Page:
Back to the top
What about Heartbleed, is this stuff even secure?
Before we go any further if you haven’t seen it I strongly recommend watching the Tom Scott explanation of what HeartBleed was/is:
Ok, back with us, HeartBleed was a exploit in the OpenSSL library, it was not an issue with TLS (what we mean when we refer to SSL) or indeed the way we manage certificates through the Certificate Authorities. Rather it was a bug in a program. It’s important to emphasise this point, as it was the ubiquity of OpenSSL and the lack of scrutiny, funding and oversight of OpenSSL that caused the issue, not an issue with the system of SSL. We don’t shut down every airport when a plane crashes for example, though we do ground that type of plane until everything is given the all clear.
If you have read this article all the way through, you will get from the tone that the way we work with SSL today is an imperfect system and it does have flaws and weak spots.
However, it is far better to be using an imperfect system than no system at all.
It’s also important to remember that security and protection is never 100% and at best we can hope for an “ok” or “pretty good” system which is the state we are currently at.
Back to the top
Revoking a certificate and the day it all went wrong.
One of the areas that our current system needs a lot of work is in revoking certificates. When Heartbleed occurred, a lot of sites revoked and reissued their certificates, with a new public key. The idea being that if the old key has been compromised we trash the certificate and say “this is no longer valid, here is the new certificate”. The problem is, many clients were still running around with the old certificates and had no built in way to check if the certificate was still valid, until they tried to make a handshake and got told the public key wasn’t working. So how do we let the world know that a certificate has been revoked?
You probably don’t want to know this, but when you revoke a certificate, the Issuer adds the certificate to a revokation list which is basically a large dump of all revoked certificates, their are two competing standards OSCP and CRL, and then distributes this list to Top Level CA and other interested parties, by email and FTP. There is also CRLSets, again from Google, which they use in Google Chrome and which CAs can push data into. These sets are available on the web, and I strongly encourage anyone interested to read revocation still doesn’t work, then go have a cry.
So that’s how the list is produced, but what about your client? Well everyone handles things slightly differently but normally what happens is your client when presented with a certificate will communicate with their CA and get a dump of the latest list, which the client then parses. If the certificate isn’t on the list it carries on happily. If the certificate is on the list, then it will know not to trust the certificate being presented. This is one of the big reasons for people claiming SSL is slow, because even if the client already has an up to date list this process takes its sweet time.
To get round this slow process, there is an option for the server to bear the brunt of the processing in the form of OCSP Stapling. Instead of the client looking up the validity of the certificate with the CA it is “stapled” into the handshake by the server. This stapled version is signed by the certificate authority and has a limited lifespan. So the client simply has to validate the certificate authority key rather then making expensive extra requests to the CA for authentication.
Back to the top
When we destroy or revoke a certificate, it’s important to remember to also destroy the keys associated with it. The certificate is just a mechanism to deliver the public key to the client so if the client has the key and they still exist on the server they can still be used, but it can also be used to read existing content. When a handshake is made, the client creates a random string which is then encrypted with public key sent to the server, which uses the private key to decrypt. They then use this random string as a mechanism to validate each other’s authenticity. If at a later date the Private key is compromised, it can be used to get this random string. If the client and server support Forward secrecy then rather than relying on each others public and private key, a shared key is created by both sides using random strings. The result is that anyone eavesdropping in the middle will not be able to decrypt this, and even if they subsequently gain the private key they won’t have access to historical data. The protocol for this is named Diffie-Hellman after it’s inventors, and is used in several cyphers supported by OpenSSL and others. It’s also default when using OpenSSL with Nginx and can be set up for use with Apache and others. For anyone interested I strongly suggest reading the Diffie-Hellman Key Exchange article on Wikipedia For a better explanation.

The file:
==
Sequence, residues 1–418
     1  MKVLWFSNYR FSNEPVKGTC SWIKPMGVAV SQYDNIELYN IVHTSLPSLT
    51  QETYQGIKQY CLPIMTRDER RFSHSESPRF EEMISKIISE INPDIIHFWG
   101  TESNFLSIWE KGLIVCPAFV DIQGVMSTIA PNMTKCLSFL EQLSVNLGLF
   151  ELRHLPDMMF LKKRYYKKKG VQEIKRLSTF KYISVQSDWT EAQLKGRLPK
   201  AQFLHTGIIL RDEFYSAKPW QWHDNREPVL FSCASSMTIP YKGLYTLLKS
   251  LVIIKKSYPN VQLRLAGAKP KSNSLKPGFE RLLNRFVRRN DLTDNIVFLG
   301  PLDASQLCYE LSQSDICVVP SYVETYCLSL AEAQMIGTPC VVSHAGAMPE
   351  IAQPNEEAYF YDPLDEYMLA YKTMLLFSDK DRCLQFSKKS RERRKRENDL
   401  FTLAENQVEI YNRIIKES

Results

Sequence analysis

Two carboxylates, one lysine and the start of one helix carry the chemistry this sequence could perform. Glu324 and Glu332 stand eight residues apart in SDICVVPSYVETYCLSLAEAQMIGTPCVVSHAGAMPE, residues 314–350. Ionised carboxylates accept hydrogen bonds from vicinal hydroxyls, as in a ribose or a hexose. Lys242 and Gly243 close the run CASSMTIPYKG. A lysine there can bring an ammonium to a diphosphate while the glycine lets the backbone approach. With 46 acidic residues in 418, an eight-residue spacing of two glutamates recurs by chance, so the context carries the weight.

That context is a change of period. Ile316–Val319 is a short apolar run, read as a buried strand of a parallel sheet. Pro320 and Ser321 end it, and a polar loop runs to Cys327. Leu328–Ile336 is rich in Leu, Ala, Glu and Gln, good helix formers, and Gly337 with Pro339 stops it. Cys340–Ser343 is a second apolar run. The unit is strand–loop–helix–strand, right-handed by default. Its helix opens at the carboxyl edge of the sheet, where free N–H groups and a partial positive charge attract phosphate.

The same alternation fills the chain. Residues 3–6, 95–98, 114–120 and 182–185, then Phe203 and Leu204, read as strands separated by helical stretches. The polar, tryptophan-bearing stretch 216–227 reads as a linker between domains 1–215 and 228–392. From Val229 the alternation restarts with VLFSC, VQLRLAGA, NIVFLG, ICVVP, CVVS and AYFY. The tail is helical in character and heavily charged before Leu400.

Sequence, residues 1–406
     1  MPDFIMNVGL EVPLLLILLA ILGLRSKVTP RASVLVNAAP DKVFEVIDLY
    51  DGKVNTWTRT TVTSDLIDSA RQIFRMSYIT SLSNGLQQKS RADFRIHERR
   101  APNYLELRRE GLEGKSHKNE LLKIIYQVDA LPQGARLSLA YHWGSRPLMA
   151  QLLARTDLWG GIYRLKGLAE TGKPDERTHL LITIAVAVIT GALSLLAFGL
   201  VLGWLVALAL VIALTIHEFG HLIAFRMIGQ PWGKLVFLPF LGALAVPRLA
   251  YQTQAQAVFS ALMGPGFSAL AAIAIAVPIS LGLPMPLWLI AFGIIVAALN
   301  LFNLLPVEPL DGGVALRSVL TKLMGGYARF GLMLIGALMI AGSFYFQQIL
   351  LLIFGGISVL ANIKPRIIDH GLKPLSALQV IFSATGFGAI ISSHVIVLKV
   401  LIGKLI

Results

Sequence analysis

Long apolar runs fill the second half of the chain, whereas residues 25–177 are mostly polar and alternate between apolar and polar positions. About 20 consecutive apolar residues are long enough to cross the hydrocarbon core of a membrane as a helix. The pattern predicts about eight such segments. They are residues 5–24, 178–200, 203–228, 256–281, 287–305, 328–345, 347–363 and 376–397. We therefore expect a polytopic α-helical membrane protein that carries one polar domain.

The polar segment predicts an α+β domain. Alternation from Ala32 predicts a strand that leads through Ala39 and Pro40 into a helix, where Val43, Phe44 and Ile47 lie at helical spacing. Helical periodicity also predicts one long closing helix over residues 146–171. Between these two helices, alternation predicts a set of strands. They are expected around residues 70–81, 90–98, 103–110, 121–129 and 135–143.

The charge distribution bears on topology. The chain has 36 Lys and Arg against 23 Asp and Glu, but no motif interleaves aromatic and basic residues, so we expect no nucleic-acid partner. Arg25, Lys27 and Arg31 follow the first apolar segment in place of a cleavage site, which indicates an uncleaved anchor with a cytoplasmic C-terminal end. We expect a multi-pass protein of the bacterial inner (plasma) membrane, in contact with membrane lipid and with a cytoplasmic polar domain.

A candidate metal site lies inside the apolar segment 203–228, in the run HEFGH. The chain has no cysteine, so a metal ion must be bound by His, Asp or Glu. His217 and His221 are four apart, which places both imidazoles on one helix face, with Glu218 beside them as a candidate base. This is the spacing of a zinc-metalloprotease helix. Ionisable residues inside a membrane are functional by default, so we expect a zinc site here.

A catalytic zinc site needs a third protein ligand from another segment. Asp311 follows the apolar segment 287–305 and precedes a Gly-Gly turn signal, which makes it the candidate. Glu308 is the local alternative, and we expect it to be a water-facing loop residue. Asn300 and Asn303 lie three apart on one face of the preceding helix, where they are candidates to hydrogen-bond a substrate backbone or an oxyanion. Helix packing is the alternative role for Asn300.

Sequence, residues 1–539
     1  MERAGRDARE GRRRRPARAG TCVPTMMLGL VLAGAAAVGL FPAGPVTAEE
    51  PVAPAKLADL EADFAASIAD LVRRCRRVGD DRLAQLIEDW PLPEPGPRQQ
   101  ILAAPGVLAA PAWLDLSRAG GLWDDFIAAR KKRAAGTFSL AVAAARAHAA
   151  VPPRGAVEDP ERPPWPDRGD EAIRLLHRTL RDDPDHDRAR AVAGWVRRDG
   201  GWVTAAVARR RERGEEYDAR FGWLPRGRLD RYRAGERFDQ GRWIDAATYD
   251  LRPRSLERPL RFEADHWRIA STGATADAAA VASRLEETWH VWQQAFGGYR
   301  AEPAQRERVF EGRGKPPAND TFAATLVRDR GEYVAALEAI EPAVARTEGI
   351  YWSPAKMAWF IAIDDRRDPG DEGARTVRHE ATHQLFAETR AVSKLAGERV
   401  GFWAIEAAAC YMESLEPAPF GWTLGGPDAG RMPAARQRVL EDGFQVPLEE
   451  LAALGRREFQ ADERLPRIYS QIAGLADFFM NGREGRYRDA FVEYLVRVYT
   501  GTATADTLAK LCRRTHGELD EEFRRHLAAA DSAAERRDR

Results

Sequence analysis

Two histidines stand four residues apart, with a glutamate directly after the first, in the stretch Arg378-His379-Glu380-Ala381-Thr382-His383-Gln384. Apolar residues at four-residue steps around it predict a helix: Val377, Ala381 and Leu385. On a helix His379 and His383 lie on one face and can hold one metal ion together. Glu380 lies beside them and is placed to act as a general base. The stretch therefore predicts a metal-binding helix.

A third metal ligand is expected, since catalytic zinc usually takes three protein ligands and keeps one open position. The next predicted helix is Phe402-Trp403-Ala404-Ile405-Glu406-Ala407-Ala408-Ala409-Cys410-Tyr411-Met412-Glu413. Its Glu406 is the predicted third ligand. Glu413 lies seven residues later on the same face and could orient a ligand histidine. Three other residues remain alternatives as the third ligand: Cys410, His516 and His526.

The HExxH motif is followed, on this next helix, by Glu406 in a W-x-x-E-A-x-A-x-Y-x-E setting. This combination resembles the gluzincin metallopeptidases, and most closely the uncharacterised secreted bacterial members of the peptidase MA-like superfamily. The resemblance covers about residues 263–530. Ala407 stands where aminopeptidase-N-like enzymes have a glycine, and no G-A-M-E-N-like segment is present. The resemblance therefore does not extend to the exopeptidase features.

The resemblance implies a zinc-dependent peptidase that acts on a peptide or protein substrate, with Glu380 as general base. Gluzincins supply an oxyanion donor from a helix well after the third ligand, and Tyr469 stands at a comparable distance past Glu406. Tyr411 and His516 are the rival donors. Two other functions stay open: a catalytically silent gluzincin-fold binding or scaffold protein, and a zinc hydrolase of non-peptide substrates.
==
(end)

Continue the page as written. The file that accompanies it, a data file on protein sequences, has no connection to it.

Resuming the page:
Back to the top
HTTP Strict Transport Security header
A HTTP Strict Transport Security (HSTS) header is a way to force a client to only request content over HTTPS. It works by sending a HTTP header in the HTTPS packet with what domains should send content over HTTPS and how long it should be before the client rechecks if this is still the policy.
Strict-Transport-Security: max-age=31536000; includeSubDomains
So for example the above header would maintain the HSTS policy for a year, and expect the policy to be enforced across all sub domains. This is not an extension of SSL but rather a way for a client to determine what to do. It’s entirely up to the client to decide if it will obey the header. HSTS is useful even in sites that redirect traffic to HTTPS by default as it helps prevent man in the middle style attacks, where a client requests the HTTP version of the site, and before the server redirects them to the HTTPS version the request is diverted to another server, that returns a HTTP payload. With HSTS if the client has previously connected to the site they would not make the initial request to the HTTP end point, but directly to the HTTPS and so throw a warning.